"Previously, Indonesia could only detect up to 500,000 TB cases, but this fell to around 300,000 during the COVID-19 pandemic," he said in a written statement from the Ministry of Health on Sunday (11/2/2024) as reported by Antara.
He said that the TB early detection system in Indonesia was recovering with the number of detected TB cases reaching 700,000 in 2022 and 800,000 in 2023. Sadikin said that Indonesia is committed to improving the TB early detection system to reach 900,000 by 2024 from the estimated 1 million TB cases in Indonesia so that all patients can access more optimal treatment.
During the meeting, he also said that Indonesia, the country with the second-highest burden of TB cases in the world, is committed to providing shorter TB treatment, strengthening collaboration with communities, and implementing financing innovations for TB services. Sadikin said that eliminating TB would have a positive impact on Indonesia's economic growth. Hence, his ministry is collaborating with the community and local health officers to screen 2.2 million people at high risk of TB.
"We involve the community to form the 'TBC Army', a trained group of TB survivors that assists in detecting and monitoring multidrug-resistant tuberculosis (MDR-TB) patients," he said.
MDR-TB is a type of TB that is resistant to the most powerful anti-tuberculosis drugs. It means that those drugs are no longer effective in killing TB bacteria in the patients' bodies.
Indonesia is also encouraging innovation in tuberculosis diagnosis by producing five PCR-based TB detection kits used by 1,000 laboratories in Indonesia.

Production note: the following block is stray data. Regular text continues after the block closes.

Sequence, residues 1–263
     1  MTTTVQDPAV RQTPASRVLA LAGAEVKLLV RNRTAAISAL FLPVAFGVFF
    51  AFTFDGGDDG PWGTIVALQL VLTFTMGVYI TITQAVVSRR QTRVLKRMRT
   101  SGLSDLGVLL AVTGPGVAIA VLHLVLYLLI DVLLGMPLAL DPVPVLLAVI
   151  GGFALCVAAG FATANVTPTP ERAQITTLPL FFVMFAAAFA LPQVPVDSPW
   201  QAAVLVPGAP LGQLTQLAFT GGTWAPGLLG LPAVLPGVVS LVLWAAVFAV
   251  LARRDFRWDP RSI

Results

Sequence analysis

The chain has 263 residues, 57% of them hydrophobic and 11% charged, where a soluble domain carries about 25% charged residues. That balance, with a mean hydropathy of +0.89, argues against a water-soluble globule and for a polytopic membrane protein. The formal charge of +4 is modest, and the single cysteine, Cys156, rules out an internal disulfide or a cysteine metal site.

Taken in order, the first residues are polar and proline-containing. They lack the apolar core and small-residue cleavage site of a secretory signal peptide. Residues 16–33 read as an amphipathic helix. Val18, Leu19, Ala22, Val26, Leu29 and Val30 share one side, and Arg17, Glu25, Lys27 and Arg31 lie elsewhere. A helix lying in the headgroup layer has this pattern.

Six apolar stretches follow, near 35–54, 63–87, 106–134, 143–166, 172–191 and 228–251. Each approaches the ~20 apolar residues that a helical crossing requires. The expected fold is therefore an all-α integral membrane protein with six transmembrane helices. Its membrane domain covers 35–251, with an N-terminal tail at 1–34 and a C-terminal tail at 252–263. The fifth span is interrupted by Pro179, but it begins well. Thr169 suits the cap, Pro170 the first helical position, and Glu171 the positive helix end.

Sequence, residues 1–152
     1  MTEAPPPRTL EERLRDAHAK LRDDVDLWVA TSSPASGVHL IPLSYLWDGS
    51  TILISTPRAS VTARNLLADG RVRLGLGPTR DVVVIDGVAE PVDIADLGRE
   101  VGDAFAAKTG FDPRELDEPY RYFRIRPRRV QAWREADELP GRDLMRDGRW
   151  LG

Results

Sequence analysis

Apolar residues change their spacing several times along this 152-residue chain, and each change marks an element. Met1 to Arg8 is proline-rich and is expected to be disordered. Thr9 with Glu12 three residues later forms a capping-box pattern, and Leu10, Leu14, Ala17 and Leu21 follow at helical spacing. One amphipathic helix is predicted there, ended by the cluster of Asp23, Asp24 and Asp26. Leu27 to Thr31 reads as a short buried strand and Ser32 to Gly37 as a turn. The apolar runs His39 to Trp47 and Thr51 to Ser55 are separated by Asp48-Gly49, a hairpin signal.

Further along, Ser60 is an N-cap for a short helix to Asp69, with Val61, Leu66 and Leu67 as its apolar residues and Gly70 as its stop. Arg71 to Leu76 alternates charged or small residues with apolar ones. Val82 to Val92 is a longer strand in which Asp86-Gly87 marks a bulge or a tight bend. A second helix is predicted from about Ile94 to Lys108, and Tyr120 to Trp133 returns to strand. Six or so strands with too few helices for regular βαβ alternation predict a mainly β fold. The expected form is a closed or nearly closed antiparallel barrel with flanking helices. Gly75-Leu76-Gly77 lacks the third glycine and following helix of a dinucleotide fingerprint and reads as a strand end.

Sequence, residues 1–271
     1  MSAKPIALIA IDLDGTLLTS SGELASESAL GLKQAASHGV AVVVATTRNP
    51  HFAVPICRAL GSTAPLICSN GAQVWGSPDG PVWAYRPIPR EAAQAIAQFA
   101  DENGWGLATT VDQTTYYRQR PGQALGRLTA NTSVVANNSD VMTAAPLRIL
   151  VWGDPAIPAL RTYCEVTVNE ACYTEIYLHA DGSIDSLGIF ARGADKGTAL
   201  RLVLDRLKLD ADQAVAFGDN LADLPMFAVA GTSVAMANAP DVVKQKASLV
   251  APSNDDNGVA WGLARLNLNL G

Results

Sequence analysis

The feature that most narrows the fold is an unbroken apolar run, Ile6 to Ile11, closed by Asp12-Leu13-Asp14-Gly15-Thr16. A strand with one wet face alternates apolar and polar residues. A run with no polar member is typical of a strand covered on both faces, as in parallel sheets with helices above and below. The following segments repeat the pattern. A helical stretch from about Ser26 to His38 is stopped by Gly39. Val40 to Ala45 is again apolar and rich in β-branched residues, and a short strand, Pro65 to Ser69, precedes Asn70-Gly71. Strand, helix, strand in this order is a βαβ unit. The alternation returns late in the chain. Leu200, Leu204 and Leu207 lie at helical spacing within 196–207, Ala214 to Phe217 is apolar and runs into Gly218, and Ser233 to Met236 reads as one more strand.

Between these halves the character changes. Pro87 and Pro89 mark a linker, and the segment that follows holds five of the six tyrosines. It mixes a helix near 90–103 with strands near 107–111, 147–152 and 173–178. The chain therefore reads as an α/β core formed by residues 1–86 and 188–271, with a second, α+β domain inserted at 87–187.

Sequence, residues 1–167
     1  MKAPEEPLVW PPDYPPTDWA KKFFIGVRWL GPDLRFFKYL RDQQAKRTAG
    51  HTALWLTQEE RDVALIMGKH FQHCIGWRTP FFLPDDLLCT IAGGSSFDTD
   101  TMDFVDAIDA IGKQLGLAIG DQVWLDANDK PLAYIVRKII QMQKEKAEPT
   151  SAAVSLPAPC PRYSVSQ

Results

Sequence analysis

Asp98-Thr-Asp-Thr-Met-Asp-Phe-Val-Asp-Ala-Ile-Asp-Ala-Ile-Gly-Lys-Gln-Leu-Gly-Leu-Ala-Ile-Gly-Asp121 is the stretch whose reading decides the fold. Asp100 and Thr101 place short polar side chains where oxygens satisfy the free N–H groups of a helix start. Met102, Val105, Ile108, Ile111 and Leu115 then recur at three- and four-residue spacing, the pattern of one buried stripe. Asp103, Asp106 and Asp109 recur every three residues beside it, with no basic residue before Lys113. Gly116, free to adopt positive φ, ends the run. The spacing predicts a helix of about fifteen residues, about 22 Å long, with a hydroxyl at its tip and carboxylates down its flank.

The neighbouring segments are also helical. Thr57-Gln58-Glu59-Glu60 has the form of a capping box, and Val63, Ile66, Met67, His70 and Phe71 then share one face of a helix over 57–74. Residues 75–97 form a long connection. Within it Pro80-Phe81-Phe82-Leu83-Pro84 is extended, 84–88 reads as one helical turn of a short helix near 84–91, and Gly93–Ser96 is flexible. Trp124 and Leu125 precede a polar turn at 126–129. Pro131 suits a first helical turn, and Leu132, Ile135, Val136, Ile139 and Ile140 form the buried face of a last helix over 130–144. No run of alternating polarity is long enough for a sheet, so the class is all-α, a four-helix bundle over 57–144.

“We are also accelerating the application of precision medicine by establishing a biomedical and genomic sciences initiative that includes genome sequencing on MDR-TB samples to improve surveillance,” he said.
Sadikin added that Indonesia also ensures that TB treatment is accessible to everyone. Indonesia is one of the first countries in Asia to use BPaL (bedaquiline, pretomanid, and linezolid) and BPaLM (bedaquiline, pretomanid, linezolid, and moxifloxacin) in MDR-TB treatments. The treatment is known as a short-term oral regimen for drug-resistant tuberculosis (DR-TB), helping shorten treatment from the original 9–11 months to six months and using injections.
Additionally, Indonesia is supporting operational research on the potential for shorter treatment regimens for drug-sensitive tuberculosis (DS-TB). If DR-TB requires a more complex treatment approach because the bacteria, Mycobacterium tuberculosis, are resistant to certain drugs, DS-TB can be treated with a standard regimen. However, the current duration of DS-TB treatment is still around 6–9 months. (Antara)